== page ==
If there is a history of inflammatory bowel disease including ulcerative colitis or Crohn’s then there is an increased risk of colorectal cancer. Inflammatory bowel disease is a condition in which the colon is inflamed over a long period of time. People who have had inflammatory bowel disease for many years, especially if untreated, often develop dysplasia. Dysplasia is a term used to describe the cells in the lining of the colon or rectum that look abnormal, that are not true cancer cells. They can change into cancer over time. In these circumstances, screening for colorectal cancer is offered earlier. It should be noted that irritable bowel syndrome does not increase the risk for colorectal cancer.
Family history of colorectal cancer or adenomatous polyps
Most colorectal cancers are found in people without a family history of colorectal cancer. Still, nearly one in three people who develop cancer have other family members who have had it.
People with a history of colorectal cancer in a first-degree relative, that is parent, sibling or child are at an increased risk. The risk is even higher if that relative was diagnosed with cancer when they were younger than 45, or if more than one first-degree relative is affected.
The reasons for this increased risk is not clear in all cases. Cancers run in families because of inherited genes, shared environmental factors or a combination of both.
Having family members who have had adenomatous polyps is also linked to a higher risk of colon cancer. In these cases, early screening is advised.
5% of people who develop colorectal cancer have inherited gene changes, mutations that cause family cancer syndromes and can lead to them getting the disease. The most common inherited syndromes linked with colorectal cancers are Lynch syndrome and familial adenomatous polyposis. Other syndromes include Peutz-Jeghers syndrome where patients tend to have freckles around the mouth and sometimes in the hands and feet and a special type of polyp called hamartomas in their digestive tract. These patients are also at a much higher risk for colorectal cancer.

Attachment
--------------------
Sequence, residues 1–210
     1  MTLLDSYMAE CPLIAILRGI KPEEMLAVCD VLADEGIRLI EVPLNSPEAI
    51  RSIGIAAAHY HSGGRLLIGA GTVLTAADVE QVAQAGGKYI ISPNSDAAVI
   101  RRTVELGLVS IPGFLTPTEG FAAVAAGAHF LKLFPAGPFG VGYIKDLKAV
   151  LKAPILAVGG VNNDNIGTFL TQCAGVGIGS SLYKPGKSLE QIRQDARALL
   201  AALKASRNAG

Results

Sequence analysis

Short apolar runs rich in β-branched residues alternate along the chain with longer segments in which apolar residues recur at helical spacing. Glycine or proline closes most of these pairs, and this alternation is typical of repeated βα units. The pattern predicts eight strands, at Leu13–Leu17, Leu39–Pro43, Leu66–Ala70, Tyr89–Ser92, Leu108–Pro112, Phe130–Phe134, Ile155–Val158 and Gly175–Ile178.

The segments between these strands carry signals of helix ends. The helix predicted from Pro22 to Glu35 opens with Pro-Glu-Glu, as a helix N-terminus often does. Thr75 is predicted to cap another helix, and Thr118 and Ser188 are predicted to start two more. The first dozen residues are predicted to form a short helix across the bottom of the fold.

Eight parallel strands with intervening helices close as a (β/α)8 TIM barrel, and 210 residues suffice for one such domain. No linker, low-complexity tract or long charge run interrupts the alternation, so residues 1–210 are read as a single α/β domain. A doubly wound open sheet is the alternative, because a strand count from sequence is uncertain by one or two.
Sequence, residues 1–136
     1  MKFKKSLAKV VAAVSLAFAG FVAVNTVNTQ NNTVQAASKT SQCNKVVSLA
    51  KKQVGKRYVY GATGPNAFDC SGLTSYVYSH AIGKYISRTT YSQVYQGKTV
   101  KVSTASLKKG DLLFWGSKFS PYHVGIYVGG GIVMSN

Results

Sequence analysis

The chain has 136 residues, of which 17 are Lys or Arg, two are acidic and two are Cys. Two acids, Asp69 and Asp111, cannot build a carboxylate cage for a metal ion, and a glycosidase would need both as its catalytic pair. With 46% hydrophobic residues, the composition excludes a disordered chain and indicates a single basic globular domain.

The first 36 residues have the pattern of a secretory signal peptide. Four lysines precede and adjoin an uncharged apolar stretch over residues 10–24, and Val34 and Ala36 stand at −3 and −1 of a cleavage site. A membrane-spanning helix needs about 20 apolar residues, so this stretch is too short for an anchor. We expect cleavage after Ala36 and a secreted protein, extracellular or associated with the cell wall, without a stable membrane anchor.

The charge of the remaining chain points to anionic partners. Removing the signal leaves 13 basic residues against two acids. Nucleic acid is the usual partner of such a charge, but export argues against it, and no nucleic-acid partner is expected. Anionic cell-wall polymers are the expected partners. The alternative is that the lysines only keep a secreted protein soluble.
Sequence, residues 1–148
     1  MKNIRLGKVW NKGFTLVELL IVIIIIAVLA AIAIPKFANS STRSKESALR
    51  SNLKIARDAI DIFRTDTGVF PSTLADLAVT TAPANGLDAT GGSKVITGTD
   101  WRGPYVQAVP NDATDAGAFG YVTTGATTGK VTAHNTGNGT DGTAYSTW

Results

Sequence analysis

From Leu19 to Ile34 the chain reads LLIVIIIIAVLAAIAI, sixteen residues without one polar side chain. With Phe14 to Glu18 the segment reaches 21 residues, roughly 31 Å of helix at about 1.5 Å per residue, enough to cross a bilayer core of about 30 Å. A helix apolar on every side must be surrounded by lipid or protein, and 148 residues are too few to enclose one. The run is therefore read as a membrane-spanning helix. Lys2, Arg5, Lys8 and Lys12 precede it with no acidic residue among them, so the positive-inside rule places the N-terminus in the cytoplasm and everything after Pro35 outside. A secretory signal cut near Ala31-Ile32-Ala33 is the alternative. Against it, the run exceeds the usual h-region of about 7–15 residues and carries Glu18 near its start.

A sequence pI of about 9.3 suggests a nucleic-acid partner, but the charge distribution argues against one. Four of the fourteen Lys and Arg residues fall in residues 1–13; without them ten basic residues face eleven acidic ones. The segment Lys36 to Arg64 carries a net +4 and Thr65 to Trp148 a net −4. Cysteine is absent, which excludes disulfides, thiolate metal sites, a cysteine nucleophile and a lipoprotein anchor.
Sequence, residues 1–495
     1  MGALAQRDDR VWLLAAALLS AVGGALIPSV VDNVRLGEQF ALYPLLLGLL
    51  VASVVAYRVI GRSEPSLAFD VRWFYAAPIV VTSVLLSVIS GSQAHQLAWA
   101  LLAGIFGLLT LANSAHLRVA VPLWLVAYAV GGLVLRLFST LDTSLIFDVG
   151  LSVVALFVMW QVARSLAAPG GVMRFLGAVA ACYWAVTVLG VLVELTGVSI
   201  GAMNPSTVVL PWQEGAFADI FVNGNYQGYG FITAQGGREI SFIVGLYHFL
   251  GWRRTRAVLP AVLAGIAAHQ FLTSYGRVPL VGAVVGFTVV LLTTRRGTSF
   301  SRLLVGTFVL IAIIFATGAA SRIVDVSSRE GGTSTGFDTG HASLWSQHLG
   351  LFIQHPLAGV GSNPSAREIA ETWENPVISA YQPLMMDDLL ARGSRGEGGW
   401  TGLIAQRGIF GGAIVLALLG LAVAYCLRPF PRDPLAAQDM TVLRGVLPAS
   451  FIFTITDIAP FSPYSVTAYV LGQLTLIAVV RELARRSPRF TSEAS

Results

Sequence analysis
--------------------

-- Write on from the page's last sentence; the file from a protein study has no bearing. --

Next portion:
People with this syndrome develop many colon polyps. They also have a higher risk of other cancers of the gastrointestinal tract and thyroid.
Racial and ethnic background
Jewish patients of Eastern European descent, Ashkenazi Jews, have one of the highest colorectal cancer risk of any ethnic group in the world. This could be related to the increased incidence of the BRCA 1 and 2 genes.
African Americans have the highest colorectal cancer incidence and mortality of all racial groups in the United States. The reasons for this are not fully understood.
Factors with unclear effects on colorectal cancer risk
Night shift work. Studies have shown that working a night shift on a regular basis may increase the risk of colorectal cancer. It is thought that this may be due to changes in the level of melatonin, a hormone which responds to changes in light. More research is required.